I hosted a dinner party a couple of weeks ago. A great evening, lovely food (even if I do say so myself), and some terrific wine. Toward the end of the evening, one of the guests (who shall remain nameless) spilled some red wine on my nearly new cream carpet. Before I could stop her, she’d followed the half glass with a half bottle of a pretty good chardonnay.
As she watched the red stain spread and turn only a slightly lighter shade of red (not even a pink), all she could muster was a giggle and a regretful comment. “I should have left it to someone who knows how to remove stains from carpet!” she said.
So, for the benefit of my friend, and all those who read this blog post, here’s my ultimate guide on removing satins of all types from carpets. I’ll start with red wine!
Never scrub a carpet clean
I nearly forgot my number one carpet cleaning tip: never scrub, simply blot. If you scrub a carpet, you’ll damage its fibers and eventually scrub right through to the pad. At best, the stain will soak into the pad and be there for life, a constant reminder of the night a friend spilled wine. (Okay, that’s the last time I’ll mention ‘winegate’.)
So, always use a blotting technique to ‘lift’ the stain out of the carpet, and always work from the outside of the stain toward its center. Rinse with plenty of water as you go.
Having got the basic technique right, let’s look at the solutions to use, and one or two advanced carpet stain removal methods.
An extra tip here: whatever solution and method you use, test out on an inconspicuous square inch of your carpet first, to make sure the solution doesn’t discolor.
How to remove a red wine stain from carpet
Mix one tablespoon of ammonia with one cup of water, dabbing little and often with a clean cloth. This solution isn’t just for red wine. You can also use it on:
Don’t use the ammonia solution on wool carpets, and on polypropylene carpets you could try a solution of one part bleach to five parts water.
For most foods and several liquids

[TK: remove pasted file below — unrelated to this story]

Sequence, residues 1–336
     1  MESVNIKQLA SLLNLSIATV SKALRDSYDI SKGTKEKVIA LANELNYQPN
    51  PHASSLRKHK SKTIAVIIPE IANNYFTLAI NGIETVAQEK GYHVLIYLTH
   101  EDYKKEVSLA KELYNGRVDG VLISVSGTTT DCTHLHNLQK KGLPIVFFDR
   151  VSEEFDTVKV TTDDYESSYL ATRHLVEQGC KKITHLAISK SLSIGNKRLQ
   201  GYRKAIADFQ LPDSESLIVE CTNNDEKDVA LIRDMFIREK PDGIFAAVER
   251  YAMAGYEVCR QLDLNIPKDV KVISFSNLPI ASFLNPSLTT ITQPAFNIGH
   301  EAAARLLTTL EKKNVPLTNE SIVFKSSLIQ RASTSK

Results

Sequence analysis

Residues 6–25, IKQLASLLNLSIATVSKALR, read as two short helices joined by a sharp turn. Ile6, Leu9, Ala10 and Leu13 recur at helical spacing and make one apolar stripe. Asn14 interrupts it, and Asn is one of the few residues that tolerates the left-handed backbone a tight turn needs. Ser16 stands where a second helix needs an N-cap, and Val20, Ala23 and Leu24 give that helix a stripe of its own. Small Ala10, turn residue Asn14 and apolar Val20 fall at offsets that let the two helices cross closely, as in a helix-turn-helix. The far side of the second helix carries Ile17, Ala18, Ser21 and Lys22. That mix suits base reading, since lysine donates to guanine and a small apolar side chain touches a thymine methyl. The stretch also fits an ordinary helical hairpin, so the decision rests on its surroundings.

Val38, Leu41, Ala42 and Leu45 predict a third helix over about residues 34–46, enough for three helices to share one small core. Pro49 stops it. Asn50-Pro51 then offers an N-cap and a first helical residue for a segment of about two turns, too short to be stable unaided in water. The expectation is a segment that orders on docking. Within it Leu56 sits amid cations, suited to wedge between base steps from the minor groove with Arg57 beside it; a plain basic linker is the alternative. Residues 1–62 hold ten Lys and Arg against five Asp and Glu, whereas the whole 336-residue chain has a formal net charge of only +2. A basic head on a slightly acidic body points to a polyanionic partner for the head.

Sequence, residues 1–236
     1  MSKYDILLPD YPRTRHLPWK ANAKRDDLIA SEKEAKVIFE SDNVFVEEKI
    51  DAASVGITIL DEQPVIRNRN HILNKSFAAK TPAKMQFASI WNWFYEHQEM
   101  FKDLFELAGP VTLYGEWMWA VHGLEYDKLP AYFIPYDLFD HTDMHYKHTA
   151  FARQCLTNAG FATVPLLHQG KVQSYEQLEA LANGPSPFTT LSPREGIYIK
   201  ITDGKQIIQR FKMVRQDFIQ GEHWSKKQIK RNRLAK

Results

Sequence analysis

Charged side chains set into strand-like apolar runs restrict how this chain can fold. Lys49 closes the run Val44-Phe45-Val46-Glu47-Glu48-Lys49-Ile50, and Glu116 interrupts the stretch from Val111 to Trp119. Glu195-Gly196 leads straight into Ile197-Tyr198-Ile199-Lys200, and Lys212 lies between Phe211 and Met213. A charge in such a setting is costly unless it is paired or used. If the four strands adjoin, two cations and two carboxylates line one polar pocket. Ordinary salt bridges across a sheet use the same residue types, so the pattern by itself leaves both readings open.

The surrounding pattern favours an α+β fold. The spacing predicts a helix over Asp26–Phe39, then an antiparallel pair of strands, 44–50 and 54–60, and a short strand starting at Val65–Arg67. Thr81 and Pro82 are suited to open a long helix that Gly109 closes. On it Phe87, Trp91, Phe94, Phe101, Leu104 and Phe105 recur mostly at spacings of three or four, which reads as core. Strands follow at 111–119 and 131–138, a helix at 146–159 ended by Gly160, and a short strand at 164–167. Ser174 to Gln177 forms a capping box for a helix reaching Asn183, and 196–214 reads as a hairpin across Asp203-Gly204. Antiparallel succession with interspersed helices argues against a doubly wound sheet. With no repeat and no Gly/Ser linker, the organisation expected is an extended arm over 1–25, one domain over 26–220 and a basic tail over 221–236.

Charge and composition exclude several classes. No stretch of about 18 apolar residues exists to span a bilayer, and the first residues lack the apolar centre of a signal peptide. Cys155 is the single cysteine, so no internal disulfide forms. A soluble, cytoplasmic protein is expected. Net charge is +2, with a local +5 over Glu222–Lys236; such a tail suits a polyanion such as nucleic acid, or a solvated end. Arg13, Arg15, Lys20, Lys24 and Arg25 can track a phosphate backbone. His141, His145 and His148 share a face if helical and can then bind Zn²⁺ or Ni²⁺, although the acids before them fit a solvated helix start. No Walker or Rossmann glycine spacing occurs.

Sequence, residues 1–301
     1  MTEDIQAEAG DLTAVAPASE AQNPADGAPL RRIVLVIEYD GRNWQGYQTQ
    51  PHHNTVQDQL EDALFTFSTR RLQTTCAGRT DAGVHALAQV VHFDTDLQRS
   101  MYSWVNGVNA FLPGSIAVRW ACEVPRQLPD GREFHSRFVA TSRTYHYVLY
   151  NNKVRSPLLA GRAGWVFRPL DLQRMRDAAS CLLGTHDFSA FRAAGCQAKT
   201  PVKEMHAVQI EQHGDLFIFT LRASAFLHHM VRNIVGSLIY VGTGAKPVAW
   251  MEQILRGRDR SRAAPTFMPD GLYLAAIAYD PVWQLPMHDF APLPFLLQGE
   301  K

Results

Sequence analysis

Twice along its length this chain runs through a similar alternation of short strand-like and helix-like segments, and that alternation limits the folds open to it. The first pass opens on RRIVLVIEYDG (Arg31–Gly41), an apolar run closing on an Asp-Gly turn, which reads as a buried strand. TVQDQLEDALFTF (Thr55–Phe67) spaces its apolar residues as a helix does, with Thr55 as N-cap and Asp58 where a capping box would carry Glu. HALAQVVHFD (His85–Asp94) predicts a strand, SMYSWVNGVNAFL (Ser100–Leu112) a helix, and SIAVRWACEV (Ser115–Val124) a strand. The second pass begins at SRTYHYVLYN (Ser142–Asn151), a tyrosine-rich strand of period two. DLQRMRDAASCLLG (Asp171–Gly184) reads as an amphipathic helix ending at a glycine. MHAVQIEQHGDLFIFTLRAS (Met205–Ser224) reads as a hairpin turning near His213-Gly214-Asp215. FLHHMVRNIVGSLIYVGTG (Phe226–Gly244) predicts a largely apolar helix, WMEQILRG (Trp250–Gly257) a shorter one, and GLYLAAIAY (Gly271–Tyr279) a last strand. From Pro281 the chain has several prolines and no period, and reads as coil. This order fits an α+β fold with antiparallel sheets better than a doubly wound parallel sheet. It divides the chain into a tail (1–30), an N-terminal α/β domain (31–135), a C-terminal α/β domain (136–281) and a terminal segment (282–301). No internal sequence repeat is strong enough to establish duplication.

Mix a quarter teaspoon of white vinegar with 32 ounces of water. This is the solution to use for all of the following stains:
- Food dyes
- Ice cream
- Washable ink
- Latex paints
What about glues and waxes?
There are other techniques for stains caused by substances such as glue, wax, and chewing gum.
If the problem is glue, use a moist cotton ball with rubbing alcohol. Press onto the glue stain to completely moisten it, before gently wiping and repeating until the glue has disappeared.
Wax and gum need to be frozen before being smashed with a spoon. Vacuum to lift the glue fragments and then blot with a clean white cloth to thoroughly clean.
(If the stain is nail polish, see my blog detailing how to get nail polish out of carpet in 30 minutes.)
For those little unavoidable accidents
Children especially are prone to accidents (and new pets, of course). If you have an excrement stain, use the same solution and method as you would for cola, gravy, and ice cream.
Urine stains are a little trickier:
- Lift as much of the urine as possible with paper towels.
- Blot with a damp cloth.
- Spray with a solution of one part white vinegar to one part water.
- Mix a solution of half a teaspoon of non-bleach detergent with 32 ounces of water. Rinse and blot dry.
Carpet maintenance routine
Hopefully you will never spill anything on your carpet, and pets or children (or adults at dinner parties) will never have any accidents in your home. (Sorry, I couldn’t resist mentioning winegate one last time.)
If you keep your carpet in top condition, it will last for years longer than otherwise. Every 12 to 18 months, give your carpet the benefit of a professional clean and its condition will be a topic of discussion for your next dinner party.
If there are any other cleaning issues you need help with, get in touch – but don’t expect hairdressing tips!